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Monkeygirl, I agree with everyone saying you need to be tested. As a minor, if you can't get your parents to say yes now (assuming you are dependent on them to the extent of insurance and a ride to and from getting an endoscopy), then as soon as you can talk with your doctor, do a gluten challenge (8-12 weeks eating the equivalent of 2 slices of bread a day) and get tested! You said there are family members with a celiac Dx, maybe talk to them and ask them to help you explain your dietary needs to your parents. Your parents may take it better coming from an adult (no offense to you) that they know well and has a Dx.

That being said, I have had issues with the first thing I have found in my medical records that I can link to celiac at a 90% likelihood since 6th grade. I am 25 now, and working on getting my insurance to approve the blood work and endoscopy. Growing up, my parents acted like I was faking everything. I had a severe instance of what I now believe was peripheral neuropathy that I had to get myself to the ER and have them run tests. (The ER was thinking TIA, but found no signs of anything on tests to confirm, so it's listed as idiopathic temporary right side paralysis.) I have chronic pain, visible muscle spasms, chronic fatigue, deabilitating migraines, and abdominal pain that are the most common and noticeable. I know how you feel about parents not believing you. I have yet to mention celiac to them since I'm waiting to show them positive lab work they can't dispute. It is especially hard when your family doesn't believe you. Stay strong to what you know you need though!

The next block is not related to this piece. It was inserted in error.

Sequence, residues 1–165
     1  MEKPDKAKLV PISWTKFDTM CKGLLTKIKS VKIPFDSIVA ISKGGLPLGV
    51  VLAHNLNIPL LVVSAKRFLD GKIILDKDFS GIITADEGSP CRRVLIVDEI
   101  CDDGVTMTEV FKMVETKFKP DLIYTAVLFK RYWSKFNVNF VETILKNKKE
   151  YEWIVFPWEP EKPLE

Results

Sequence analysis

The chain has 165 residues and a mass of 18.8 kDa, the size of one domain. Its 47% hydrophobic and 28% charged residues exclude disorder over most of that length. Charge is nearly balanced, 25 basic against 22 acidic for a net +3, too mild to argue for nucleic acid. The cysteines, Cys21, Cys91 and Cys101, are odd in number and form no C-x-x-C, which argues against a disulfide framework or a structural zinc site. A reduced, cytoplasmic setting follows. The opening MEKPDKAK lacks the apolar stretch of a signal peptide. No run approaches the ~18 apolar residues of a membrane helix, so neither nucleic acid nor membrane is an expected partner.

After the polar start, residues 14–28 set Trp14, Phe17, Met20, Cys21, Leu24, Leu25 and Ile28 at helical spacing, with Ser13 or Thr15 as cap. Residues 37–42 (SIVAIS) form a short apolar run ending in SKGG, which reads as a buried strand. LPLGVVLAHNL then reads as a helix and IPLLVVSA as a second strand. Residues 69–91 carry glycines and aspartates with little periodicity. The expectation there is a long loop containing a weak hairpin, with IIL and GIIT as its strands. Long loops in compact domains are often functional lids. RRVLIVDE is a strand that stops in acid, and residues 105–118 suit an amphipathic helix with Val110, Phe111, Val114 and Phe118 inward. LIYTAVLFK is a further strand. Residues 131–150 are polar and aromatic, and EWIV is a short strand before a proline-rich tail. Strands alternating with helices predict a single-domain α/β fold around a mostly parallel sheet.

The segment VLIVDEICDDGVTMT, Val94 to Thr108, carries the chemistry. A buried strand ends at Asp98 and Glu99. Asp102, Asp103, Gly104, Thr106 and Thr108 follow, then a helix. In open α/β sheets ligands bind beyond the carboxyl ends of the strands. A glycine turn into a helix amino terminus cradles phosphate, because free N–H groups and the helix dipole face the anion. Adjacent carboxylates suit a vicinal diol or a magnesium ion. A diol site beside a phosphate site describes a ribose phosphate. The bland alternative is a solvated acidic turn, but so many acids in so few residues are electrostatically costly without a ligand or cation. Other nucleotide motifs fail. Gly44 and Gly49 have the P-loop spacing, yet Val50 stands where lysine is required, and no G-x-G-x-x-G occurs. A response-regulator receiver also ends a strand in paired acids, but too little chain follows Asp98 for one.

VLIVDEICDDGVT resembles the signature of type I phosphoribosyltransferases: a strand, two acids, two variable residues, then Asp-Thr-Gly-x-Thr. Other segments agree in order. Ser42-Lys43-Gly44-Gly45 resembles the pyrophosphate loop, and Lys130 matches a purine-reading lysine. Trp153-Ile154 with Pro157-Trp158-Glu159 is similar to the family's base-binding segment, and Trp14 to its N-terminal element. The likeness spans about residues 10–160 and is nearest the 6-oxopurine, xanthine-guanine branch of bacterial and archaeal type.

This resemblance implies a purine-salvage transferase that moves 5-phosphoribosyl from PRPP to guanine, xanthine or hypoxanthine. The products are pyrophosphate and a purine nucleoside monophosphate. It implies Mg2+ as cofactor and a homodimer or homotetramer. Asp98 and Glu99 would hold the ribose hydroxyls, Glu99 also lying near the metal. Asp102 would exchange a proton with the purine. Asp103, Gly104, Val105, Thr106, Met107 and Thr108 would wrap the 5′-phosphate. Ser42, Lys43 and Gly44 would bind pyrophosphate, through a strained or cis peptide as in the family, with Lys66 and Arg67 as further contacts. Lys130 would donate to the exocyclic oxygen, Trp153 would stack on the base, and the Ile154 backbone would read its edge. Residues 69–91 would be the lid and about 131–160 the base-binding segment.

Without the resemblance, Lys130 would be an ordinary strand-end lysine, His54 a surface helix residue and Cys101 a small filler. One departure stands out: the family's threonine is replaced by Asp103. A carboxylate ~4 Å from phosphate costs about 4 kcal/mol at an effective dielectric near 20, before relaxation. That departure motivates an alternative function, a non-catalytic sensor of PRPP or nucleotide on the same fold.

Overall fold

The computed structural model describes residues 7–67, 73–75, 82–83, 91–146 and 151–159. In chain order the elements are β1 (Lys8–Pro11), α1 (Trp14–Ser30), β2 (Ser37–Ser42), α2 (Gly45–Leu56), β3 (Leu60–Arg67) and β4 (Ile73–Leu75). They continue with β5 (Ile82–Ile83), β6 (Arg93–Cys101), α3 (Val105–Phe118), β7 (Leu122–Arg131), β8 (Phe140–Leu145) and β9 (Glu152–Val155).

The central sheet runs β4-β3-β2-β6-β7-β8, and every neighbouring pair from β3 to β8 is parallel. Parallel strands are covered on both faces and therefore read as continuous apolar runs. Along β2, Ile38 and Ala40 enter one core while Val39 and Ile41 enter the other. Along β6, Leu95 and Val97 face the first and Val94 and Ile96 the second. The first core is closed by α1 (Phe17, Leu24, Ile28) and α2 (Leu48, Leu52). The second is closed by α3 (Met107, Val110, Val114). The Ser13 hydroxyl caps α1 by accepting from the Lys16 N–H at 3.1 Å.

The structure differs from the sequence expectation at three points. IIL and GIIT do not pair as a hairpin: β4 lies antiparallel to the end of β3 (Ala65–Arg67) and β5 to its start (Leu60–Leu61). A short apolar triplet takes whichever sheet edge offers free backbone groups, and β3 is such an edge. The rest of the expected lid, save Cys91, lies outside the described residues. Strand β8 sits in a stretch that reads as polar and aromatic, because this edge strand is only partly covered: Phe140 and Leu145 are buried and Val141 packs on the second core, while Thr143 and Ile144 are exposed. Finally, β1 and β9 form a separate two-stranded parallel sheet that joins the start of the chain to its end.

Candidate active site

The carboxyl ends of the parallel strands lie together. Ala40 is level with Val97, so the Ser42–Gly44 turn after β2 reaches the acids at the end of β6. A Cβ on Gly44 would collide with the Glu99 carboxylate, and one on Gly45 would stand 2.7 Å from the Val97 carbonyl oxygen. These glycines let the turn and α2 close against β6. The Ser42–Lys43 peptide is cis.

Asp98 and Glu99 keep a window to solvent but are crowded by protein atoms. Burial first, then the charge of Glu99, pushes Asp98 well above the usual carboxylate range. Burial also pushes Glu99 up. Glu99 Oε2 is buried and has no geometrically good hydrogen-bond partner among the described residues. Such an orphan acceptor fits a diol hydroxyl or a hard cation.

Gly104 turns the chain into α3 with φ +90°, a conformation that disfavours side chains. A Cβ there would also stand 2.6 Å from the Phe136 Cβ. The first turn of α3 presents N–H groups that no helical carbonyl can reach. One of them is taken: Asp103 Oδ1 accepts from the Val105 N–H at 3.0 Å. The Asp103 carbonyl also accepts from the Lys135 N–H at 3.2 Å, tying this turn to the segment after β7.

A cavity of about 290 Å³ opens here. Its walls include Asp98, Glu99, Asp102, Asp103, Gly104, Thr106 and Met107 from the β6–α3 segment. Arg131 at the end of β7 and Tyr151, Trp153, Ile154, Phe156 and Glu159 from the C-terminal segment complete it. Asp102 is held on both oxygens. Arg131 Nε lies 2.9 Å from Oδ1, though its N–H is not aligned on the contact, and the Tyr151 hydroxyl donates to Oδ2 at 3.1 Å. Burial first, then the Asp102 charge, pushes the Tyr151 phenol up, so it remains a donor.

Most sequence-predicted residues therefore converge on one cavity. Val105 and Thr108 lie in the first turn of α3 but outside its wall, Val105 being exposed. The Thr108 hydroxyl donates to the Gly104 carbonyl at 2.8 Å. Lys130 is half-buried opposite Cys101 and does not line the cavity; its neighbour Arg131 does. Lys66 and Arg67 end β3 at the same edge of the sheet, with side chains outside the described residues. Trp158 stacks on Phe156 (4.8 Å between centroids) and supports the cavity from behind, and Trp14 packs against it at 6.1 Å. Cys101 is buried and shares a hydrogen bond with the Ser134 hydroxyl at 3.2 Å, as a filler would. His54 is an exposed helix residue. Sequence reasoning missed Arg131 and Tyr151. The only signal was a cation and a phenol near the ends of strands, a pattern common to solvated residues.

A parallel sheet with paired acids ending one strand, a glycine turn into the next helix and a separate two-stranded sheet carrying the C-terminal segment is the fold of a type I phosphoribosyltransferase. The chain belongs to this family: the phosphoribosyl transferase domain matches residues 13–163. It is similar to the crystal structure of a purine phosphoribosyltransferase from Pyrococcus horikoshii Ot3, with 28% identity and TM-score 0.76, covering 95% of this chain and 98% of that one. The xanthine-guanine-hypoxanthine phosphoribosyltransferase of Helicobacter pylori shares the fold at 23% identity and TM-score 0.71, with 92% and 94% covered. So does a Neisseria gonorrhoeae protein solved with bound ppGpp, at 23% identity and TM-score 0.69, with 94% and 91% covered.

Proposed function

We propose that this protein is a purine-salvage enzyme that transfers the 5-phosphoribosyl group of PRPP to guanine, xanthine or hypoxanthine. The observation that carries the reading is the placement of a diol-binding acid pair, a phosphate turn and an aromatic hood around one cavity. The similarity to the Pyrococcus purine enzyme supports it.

As for eating out, I worked in restaurant management for 6+ years. A couple tips, if it goes on a grill, request they place foil under it. If it's fried, see if they can grill it (on foil) or bake it (again on foil) unless they have a dedicated fryer and you really feel comfortable trusting them saying that. REQUEST THE COOKS PUT ON CLEAN GLOVES AND ONLY TOUCH YOUR FOOD WITH THEM (#1 way to get cross-contamination). If it's Italian, simply ask if they have gluten-free pasta (most Italian places do, and understand the sensitivity rather well in my experience as a manager). ALWAYS ASK FOR AN ALLERGEN MENU!!!!! This will normally alert the manager there is an allergy at your table, and often bring them to you. I would always directly supervise the preparation of allergen food (as a manager, the last thing you want is to have issues with serving an allergen to someone. Ambulances are not good for business.) When telling them you can't have gluten, say "I'm allergic to certain gluten, which is found in bread, pasta, and many other food items." Don't try to explain celiac, it is normally pointless. (I know it's not an allergy, but the term allergy is a stong term in the restaurant business.)